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I want to show that $\int_{0}^{\infty}\frac{\sin x}{x}dx $ converges. I am facing difficluty in my last step Although there are many proofs regarding this but doubt is hasnt been addressed.

My attempt

Now $\int_{0}^{\infty}\frac{\sin x}{x}dx =\int_{0}^{\pi}\frac{\sin x}{x}dx + \int_{\pi}^{\infty}\frac{\sin x}{x}dx $ The first integral converges as $\frac{\sin x}{x}$ is continuous in $[ 0, \pi]$ and $$\int_{\pi}^{n\pi}\frac{\sin x}{x}dx = -\frac{\cos x}{x}|_{\pi}^{n \pi} - \int_{\pi}^{n\pi}\frac{\cos x}{x^2}dx \\= \frac{(-1)^n}{n\pi} - 1/\pi - \int_{\pi}^{n\pi}\frac{\cos x}{x^2}dx \\ \leq \Bigg|\frac{(-1)^n}{n\pi} - 1/\pi \Bigg| + \int_{\pi}^{n\pi}\frac{1}{x^2}dx $$ Since $\int_{\pi}^{n\pi}\frac{1}{x^2}dx$ is improperly integrable then so is $\int_{\pi}^{n\pi}\frac{\cos x}{x^2}dx$. But there there is a $(-1)^n$ which may cause trouble in convergence.

I feel that I am almost through but I need a good mathematical argument to conclude.

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  • $\begingroup$ How should I conclude..I have seen those ....help me concluding $\endgroup$ – silent learner Jan 6 '17 at 0:11
  • $\begingroup$ You ought to check the links. Many arguments that follow your basic idea. $\endgroup$ – Simply Beautiful Art Jan 6 '17 at 0:12
  • $\begingroup$ This is a bit lazy but you can use the following result : a serie $\sum a_n$ converges if $a_n$ and $a_{n+1}$ have different sign for all $n$, $|a_n| \geq |a_{n+1}|$ and $a_n \to 0$. $\endgroup$ – user171326 Jan 6 '17 at 0:38
  • $\begingroup$ There is no need in bounding your last term, it suffices to say that what you wrote on the line above converges to $- \frac{1}{\pi} - \int_{\pi}^{\infty} \frac{\cos(x)dx}{x^2}$ as $n \to \infty$. However, as regards the aim of your exercise, it does not suffice to show that $\int_{\pi}^{n \pi} \frac{sin(x)dx}{x}$ converges in order to show that $\int_{0}^{\infty}\frac{\sin{x}}{x}dx$ converges (the integrand is not positive). You ought to replace the '$n\pi$ ' with any real positive number $A$ in your computation. $\endgroup$ – Marsan Jan 6 '17 at 0:40
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you should not integrate between $\pi$ and $n\pi$ but between $\pi$ and a generic $t$. Then using your calculations you are going to get $$-\frac{\cos t}{t}-1/\pi-\int_\pi^t\frac{\cos x}{x^2} dx.$$ Then $-\frac{\cos t}{t}\to 0$ as $t\to\infty$, while $\int_\pi^\infty\frac{\cos x}{x^2} dx$ exists because as you said $\int_\pi^\infty\frac{1}{x^2} dx$ exists.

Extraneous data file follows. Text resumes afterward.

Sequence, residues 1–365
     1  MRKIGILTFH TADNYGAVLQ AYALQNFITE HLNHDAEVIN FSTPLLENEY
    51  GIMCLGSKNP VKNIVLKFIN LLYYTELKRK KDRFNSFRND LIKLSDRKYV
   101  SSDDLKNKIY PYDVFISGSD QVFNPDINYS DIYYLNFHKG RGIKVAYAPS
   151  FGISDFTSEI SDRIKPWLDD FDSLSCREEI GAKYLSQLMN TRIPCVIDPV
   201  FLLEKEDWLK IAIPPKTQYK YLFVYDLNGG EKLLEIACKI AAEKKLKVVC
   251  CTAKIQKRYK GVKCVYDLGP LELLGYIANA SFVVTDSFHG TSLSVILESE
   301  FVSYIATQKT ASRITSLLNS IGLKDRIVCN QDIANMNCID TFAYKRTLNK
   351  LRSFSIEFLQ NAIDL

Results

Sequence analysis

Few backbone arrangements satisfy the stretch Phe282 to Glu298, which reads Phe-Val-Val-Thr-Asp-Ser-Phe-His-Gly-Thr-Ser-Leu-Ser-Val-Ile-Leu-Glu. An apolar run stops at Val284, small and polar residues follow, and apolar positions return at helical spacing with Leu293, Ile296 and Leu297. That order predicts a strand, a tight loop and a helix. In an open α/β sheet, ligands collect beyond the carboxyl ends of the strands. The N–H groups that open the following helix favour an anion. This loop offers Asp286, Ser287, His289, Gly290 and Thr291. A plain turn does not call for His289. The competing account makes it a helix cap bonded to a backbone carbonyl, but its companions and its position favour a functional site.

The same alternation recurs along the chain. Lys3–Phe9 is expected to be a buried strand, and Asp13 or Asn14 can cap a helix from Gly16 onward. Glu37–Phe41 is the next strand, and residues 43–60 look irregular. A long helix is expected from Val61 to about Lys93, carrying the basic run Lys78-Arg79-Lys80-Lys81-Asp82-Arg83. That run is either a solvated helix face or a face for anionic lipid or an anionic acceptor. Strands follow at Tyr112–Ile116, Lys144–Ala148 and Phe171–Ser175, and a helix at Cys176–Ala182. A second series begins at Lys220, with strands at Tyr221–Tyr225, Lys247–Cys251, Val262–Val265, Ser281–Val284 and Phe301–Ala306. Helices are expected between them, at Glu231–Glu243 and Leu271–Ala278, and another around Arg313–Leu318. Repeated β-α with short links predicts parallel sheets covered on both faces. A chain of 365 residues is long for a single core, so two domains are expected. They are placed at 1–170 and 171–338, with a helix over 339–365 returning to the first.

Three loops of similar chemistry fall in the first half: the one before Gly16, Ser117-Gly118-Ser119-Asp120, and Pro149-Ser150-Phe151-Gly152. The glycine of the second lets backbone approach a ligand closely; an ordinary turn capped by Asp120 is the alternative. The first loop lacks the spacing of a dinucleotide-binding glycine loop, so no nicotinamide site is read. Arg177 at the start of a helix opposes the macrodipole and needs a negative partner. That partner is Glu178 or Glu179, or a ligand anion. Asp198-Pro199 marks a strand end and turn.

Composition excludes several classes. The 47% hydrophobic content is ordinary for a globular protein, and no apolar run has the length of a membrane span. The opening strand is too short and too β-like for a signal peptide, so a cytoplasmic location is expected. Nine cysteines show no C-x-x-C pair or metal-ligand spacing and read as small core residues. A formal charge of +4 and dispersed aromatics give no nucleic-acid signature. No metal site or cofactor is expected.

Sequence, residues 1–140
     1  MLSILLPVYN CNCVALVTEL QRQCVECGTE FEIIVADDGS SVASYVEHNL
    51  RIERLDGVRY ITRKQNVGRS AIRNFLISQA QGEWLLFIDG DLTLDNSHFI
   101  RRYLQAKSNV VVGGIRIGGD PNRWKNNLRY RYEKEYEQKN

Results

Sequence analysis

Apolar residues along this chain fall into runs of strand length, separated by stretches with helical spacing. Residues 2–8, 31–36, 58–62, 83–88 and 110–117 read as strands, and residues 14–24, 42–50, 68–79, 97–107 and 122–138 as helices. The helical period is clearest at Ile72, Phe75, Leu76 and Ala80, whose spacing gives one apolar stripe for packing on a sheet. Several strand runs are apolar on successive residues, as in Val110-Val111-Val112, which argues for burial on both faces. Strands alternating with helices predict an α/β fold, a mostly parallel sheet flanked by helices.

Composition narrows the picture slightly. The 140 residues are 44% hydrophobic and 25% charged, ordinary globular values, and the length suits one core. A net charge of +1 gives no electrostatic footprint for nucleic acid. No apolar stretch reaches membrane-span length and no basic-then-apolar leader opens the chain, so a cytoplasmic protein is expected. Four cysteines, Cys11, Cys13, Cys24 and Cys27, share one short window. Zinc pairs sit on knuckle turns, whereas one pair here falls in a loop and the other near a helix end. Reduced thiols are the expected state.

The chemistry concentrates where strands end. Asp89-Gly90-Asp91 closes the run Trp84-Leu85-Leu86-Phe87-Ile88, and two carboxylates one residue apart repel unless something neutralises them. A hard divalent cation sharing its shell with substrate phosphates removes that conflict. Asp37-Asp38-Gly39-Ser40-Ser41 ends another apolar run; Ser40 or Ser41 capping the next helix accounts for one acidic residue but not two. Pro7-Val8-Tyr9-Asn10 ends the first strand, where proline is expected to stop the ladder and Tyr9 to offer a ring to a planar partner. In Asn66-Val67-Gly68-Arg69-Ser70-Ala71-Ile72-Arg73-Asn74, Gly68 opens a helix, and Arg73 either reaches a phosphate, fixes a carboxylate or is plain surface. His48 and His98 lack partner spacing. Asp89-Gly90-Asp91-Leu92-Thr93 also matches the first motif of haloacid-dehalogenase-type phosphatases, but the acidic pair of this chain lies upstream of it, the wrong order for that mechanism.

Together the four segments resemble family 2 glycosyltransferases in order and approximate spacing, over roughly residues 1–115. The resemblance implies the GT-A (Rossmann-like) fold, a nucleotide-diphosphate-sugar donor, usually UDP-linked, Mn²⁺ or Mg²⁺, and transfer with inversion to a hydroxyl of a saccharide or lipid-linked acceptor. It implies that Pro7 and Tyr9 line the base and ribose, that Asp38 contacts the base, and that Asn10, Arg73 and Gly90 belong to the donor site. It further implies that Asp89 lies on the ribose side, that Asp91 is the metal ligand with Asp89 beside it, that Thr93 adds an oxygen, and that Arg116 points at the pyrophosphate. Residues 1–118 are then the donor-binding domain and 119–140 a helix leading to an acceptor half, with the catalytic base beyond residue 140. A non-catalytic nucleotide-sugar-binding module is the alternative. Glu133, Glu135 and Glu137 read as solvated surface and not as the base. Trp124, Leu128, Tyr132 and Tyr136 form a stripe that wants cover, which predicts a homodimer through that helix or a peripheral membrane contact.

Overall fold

ADDED: As Marsan said when you are computing $\int_a^\infty f(x)\,dx$, if $f\ge 0$, then you know that the limit $\lim_{t\to\infty} \int_a^t f(x) dx$ exists because the function $g(t)=\int_a^t f(x) dx$ is increasing. In that case (and only in that case) you can take $t$ to be any sequence going to $\infty$. But if $f$ changes sign, you cannot do that. Along a sequence $t_n\to\infty$ you could have that $\int_a^{t_n} f(x) dx$ goes to a limit and along another sequence $s_n\to\infty$ you could have that $\int_a^{s_n} f(x) dx$ might go to a completely different limit.

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  • $\begingroup$ point taken ...but what if I have to take $n\pi$ even then it will go to zero right? $\endgroup$ – silent learner Jan 6 '17 at 0:51
  • $\begingroup$ it is not enough to take just $t=n\pi$, you really need an arbitrary $t\to \infty$. As Marsan said, your function has a sign $\endgroup$ – Gio67 Jan 6 '17 at 0:56
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$\Bigg|\bigg|\frac 1\pi\bigg|-\bigg|\frac{1}{n\pi}\bigg| \Bigg|\le\Bigg|\frac{(-1)^n}{n\pi} - \frac 1\pi \Bigg|\le \Bigg|\bigg|\frac 1\pi\bigg|+\bigg|\frac{1}{n\pi}\bigg| \Bigg|$

Let $N = \frac 1{\pi\epsilon}$

When $n>N, \frac 1\pi-\epsilon \le \Bigg|\frac{(-1)^n}{n\pi} - \frac 1\pi \Bigg|\le\frac 1\pi+\epsilon$ or

$\forall\epsilon>0, n>N\implies \Bigg|\bigg|\frac{(-1)^n}{n\pi} - \frac 1\pi\bigg| -\frac1\pi \Bigg|<\epsilon$

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  • $\begingroup$ I know but that will give me a bound and not convergence.....any thoughts?? :) $\endgroup$ – silent learner Jan 6 '17 at 0:53
  • $\begingroup$ Sure, see above. $\endgroup$ – Doug M Jan 6 '17 at 1:20

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